The Galaxy S IV should be unveiled in roughly 2.5 days, and, as we expected, the leaks just keep on coming. Of course, the problem with Samsung's flagship Galaxy device launches is it's pretty much impossible to figure out whether what we're seeing is the real design or not due to multiple prototypes and a veil of secrecy that I daresay tops even Apple's.
Today, we have a video of the very same alleged Chinese dual-SIM variant of the SGS IV GT-i9502 that we saw yesterday when it posed for a surprisingly high-quality photoshoot (I guess the blurrycam was broken). Read More
At an event in Milan this morning, ASUS made official the PadFone 2 – the tablet/phone combo device that looks to improve on its predecessor while continuing the goal of providing "incredible mobile flexibility." ASUS touts a redesign of both the phone and tablet elements, the integration of which appears to be much more elegant than the original, with the phone sliding vertically into the back of the tablet, ditching the clumsy door of the original PadFone for a sleek dock. Read More
You may recognize this little guy from previous leaks of the so-called HTC Proto. The device looked very similar to the Desire V and, indeed, HTC's latest announcement is dubbed the Desire X. While it's no One X, the device does pack a dual-core Snapdragon S4. Unfortunately, it's not that one. This is the MSM8225 which still uses a 45nm architecture so it's not nearly as zippy as the S4 we all know and love from other, more high-end phones. Read More
As we've seen occasionally in the past, ZTE is capable of producing a genuinely impressive budget phone. It looks like they're coming up to bat again, because some purported specs for an upcoming phone have leaked, and they certainly look impressive:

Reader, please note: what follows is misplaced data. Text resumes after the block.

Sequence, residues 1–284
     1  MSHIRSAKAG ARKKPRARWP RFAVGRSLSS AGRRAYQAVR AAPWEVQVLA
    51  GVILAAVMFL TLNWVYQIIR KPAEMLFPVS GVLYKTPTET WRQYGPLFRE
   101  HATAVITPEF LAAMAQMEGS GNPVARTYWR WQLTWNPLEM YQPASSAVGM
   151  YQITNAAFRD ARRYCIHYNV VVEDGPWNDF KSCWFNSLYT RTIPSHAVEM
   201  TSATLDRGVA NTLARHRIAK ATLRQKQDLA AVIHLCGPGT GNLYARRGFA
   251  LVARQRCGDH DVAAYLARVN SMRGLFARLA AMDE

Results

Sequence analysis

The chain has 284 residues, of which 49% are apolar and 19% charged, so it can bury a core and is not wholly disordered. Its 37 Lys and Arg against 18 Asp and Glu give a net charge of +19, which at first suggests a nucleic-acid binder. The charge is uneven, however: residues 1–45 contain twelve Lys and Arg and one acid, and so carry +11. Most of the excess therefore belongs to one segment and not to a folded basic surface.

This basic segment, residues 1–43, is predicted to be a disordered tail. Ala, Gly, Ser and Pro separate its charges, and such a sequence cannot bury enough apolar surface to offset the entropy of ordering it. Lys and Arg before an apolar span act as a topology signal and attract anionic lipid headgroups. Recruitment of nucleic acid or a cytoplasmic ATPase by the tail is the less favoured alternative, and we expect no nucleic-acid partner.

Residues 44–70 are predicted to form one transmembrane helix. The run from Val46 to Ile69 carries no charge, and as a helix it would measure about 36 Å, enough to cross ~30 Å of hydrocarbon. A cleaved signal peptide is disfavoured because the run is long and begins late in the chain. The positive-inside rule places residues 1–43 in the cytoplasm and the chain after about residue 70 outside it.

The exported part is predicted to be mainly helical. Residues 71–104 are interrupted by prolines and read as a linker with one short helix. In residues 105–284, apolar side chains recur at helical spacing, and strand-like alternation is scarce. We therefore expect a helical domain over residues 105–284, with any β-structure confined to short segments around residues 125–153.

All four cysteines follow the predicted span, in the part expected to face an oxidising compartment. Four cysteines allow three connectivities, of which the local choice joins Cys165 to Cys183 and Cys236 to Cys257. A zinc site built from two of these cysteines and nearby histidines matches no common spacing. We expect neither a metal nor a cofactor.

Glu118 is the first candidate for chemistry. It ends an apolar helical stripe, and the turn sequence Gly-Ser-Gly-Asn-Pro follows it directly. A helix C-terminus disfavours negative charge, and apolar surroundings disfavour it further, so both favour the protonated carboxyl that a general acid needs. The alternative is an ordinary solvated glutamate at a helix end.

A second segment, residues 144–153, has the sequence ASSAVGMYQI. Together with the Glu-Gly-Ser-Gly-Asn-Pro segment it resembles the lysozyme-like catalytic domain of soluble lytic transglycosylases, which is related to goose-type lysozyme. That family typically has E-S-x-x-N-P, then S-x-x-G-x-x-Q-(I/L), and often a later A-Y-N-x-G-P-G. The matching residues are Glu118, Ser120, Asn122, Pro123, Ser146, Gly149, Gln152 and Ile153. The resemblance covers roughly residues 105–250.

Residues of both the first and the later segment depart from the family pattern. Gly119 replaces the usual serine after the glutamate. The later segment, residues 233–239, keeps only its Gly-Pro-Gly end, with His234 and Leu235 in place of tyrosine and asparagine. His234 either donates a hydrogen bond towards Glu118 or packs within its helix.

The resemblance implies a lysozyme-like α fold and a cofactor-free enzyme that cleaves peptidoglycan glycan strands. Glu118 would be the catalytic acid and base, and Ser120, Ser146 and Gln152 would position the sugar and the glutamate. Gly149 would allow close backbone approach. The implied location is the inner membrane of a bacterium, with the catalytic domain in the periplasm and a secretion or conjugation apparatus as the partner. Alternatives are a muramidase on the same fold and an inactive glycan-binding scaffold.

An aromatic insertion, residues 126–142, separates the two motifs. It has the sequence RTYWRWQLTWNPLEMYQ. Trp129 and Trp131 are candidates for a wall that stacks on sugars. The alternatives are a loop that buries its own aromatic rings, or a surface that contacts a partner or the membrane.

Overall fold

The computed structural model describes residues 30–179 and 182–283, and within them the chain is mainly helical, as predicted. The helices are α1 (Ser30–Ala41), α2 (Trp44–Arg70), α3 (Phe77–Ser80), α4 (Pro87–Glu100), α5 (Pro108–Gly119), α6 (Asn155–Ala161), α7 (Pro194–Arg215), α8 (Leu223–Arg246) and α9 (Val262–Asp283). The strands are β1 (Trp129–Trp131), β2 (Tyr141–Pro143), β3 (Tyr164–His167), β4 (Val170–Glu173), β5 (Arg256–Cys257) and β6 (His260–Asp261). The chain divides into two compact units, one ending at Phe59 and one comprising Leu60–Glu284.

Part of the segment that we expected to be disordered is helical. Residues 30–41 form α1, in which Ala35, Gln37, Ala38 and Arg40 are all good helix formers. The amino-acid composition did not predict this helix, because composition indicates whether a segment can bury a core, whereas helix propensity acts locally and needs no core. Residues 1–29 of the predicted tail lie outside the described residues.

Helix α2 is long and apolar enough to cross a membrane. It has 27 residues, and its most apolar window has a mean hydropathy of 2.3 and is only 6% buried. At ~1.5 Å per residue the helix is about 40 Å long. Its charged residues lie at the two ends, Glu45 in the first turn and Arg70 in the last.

Android 4.0 (could be bumped up to 4.1 by release)
4.5" HD IPS Display (1280x720) with Gorilla Glass
1.5GHz dual-core Snapdragon S4 CPU (MSM8960)
12.6MP rear shooter, 1MP front
8GB storage + microSDXC
.38" (9.6mm) thick
Custom ZTE UI pictured
The specs largely match today's flagships, such as the US variants of the HTC One X and Samsung Galaxy S III - right down to using the exact same CPU. Read More
Looking to be the successor to the Pantech Breakout, it seems that a little phone called the Pantech Star Q will be headed to Verizon. This sliding, QWERTY-packing device is decidedly a budget phone, expected to ring in at just $99 on contract, but it includes a mixed bag of low-end and surprisingly appealing specs, including Android 4.0.4, a Snapdragon S4 dual-core processor clocked at 1.5GHz, a front-facing camera (of indeterminate resolution), a 3MP rear shooter, a 4" WVGA display, and of course a sliding QWERTY keyboard. Read More
Qualcomm, the company behind the S4 processor that so many US devices are receiving as consolation prizes in exchange for LTE, has announced that it will be releasing its own SDK for Snapdragon processors. The SDK will initially support the S4, and continue to support future processors as they're released, supporting multiple tiers of hardware.